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Indigenous Collaborations: In Cahoots

In the second edition in a 3-part series exploring Indigenous collaborations, we look at a recent project by Trent Jansen and Mangkaja Arts Resource Agency in Fitzroy Crossing.

In Cahoots was an 18-month long project that brings together six established artists with Aboriginal Art Centres in remote communities across Australia. One of these collaborations took Trent Jansen to Fitzroy Crossing in Western Australia, where he worked with makers to bring a local creature myth to life.

Trent has an ongoing interest in creature myths so it was an appropriate place to start learning about the local culture. On his first trip to Fitzroy Crossing, “I met three old ladies one afternoon — Penny K Lyons, Rita Minga and Elsie Dickens,” says Trent. “[I] started asking them about local Creature Myth. Rita was just awesome. She’s so cheeky and funny, got a cackle that’s hilarious. She started telling me stories — she knew everything about all these local creatures that most people didn’t know.”

This led to a simple exchange where drawings of some of the creatures were sent back and forth between Trent and Rita, in a kind of visual dialogue. When that process had been creatively exhausted, they went back to one of the early drawings that interpreted one of the sketches as a piece of furniture. “Rather than trying to sketch all of this into existence,” explains Trent, “we started making components. [I thought that if we] physically arrange the components 3-dimensionally, that might be more fitting with the way people do things out there.”

Based on the Jangarra creature, a hairy figure who hides behind an anthill, they started making segments of an anthill out of coolomons. “We made about 25 of these components with a bunch of artists. Cutting down trees into sections, forming them with axes and finishing them with angle grinders,” Trent explains.

Jangarra Armchair, image courtesy of the Fremantle Arts Centre

He worked closely with Johnny Nargoodah, a Nykina man who has lived in the Fitzroy valley all his life. From working on cattle station for many years, Johnny had a range of practical skills, which had been honed over 15 years at the arts centre where he is now a studio technician, stretching canvases and helping artists with whatever they need, plus making boomerangs and knives, leather art, carving and painting.

Led by Trent and Johnny, the construction of coolamons happened over many hours and days with senior women carving out the coolamon shapes with small axes and files. These women, senior cultural leaders and artists, then also created hairstring from real hair, taking many hours of working handheld spindles on their laps and carefully selecting and binding the hair. The woven hair was then attached to the coolamons, bringing the hairy man, the Jangarra, to life. Significantly, this process enlivened old traditions and allowed senior women to share their unique traditional skills with younger generations, and towards contemporary design outcomes.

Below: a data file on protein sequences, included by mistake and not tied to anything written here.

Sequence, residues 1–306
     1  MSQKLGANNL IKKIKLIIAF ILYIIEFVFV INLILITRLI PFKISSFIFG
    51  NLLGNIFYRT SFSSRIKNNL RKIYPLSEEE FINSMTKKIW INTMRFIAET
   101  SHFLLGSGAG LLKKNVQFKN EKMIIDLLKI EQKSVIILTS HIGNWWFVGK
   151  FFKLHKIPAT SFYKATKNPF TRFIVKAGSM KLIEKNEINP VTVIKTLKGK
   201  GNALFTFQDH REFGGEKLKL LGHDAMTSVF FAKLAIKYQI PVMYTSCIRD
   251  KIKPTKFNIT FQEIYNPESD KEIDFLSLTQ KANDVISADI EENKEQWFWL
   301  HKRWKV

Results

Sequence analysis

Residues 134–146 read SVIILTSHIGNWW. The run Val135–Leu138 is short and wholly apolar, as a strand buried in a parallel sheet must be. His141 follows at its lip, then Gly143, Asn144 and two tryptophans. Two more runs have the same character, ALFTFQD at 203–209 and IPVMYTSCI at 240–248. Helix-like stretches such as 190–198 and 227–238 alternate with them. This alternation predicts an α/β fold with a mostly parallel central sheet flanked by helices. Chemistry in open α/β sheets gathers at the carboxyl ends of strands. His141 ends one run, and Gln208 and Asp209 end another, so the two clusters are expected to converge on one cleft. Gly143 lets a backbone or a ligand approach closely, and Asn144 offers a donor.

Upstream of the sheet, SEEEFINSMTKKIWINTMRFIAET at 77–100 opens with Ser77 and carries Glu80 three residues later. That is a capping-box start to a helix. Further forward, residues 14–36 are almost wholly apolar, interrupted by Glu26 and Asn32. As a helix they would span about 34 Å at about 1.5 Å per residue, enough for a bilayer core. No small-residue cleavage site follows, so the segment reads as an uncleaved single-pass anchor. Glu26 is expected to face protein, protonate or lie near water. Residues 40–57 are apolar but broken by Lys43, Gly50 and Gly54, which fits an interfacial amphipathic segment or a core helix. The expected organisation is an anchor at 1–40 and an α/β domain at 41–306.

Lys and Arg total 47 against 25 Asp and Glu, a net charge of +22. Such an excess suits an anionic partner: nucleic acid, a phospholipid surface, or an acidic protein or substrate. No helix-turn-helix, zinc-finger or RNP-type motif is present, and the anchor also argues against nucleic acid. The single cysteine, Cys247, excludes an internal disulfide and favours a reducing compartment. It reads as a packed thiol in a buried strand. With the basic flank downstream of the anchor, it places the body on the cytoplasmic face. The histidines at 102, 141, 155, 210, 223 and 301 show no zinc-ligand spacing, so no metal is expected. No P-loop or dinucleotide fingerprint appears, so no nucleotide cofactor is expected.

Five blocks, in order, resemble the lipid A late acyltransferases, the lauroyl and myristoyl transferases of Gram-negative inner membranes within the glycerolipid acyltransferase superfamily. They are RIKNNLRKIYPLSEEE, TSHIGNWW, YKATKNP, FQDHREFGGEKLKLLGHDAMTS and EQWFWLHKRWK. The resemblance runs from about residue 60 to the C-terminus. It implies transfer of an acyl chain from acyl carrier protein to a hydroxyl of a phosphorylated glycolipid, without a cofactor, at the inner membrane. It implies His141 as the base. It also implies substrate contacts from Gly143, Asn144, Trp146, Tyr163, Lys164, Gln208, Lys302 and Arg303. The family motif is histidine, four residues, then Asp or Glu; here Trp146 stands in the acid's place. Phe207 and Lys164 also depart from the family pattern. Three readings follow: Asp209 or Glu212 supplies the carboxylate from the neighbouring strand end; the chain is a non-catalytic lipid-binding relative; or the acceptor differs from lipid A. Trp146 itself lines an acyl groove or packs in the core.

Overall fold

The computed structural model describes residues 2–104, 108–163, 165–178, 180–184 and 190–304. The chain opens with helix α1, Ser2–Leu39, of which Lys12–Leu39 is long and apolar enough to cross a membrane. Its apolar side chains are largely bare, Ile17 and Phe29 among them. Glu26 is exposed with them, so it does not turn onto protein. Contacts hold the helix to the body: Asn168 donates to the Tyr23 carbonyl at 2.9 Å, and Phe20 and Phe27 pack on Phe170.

After making the components, “Johnny, Wes Maselli and I took all of them down to the river bed and drove long sticks into the sand and used those as bases [upon which] to rest the coolamons. We positioned them and sculpted the form 3-dimensionally in real time,” Trent recounts. They then took it apart and shipped it to Trent’s studio in Thirroul, where Johnny and his son Illiam travelled to recreate the structure in a way that is solid. “It’s not identical,” admits Trent, “but it’s as close as you can get.”

Collision Bench, image courtesy of the Fremantle Arts Centre

As in all collaborations, the balance of leading and contributing was complex, but there was a meaningful exchange of skills and ideas from both sides. “It was really good working with Trent in Sydney,” says Johnny. “I learned from him – techniques and about using old scrap wood.” For him, it was an opportunity to develop his own practice as an artist, rather than supporting others’ practice. Johnny and his son Illiam also returned with enhanced confidence and knowledge from their experience in this collaborative art making process.

Trent, too, learnt something important, not only in the making of this piece but also in another project they worked on. “We went for a drive and got this old wrecked car bonnet and brought it back,” says Johnny. “Trent said, ‘What are we going to make out of it?’ I said, ‘Well it looks like a lounge chair.’ So we cut it up, it got sent away to Sydney, then Trent got some chair legs to put on it.” Trent thought the piece was finished, but Johnny started talking about the functionality of it – the fact that no-one would sit in a hot metal chair in the Kimberley. As a skilled leatherworker, he immediately thought of putting leather on the top of the chair. Despite initial reluctance from Trent, they went ahead and “Actually, it’s bloody beautiful,” says Trent. “It makes the thing. That’s a beautiful outcome, a benefit for me. I’ve learnt that I’m totally wrong a lot of the time and to listen to people. Johnny has this totally different sensibility and has shown me that this combination of textures and materials – that I probably would never have tried – is so lovely.”

In Cahoots represents six completely different experiences of cross-cultural engagement, which adds another layer to the already-complex intention of creative collaboration. From sitting and making to telling stories to just asking what a community may want to achieve, they all actively bring together indigenous and non-indigenous, urban and remote, and established and emerging artists, to produce works that symbolise an underlying theme of creating meaningful connection. 

Trent Jansen Studio and Mangkaja Arts Resource Agency

Johnny Nargoodah, image courtesy of Trent Jansen

Illiam Nargoodah, image courtesy of Trent Jansen

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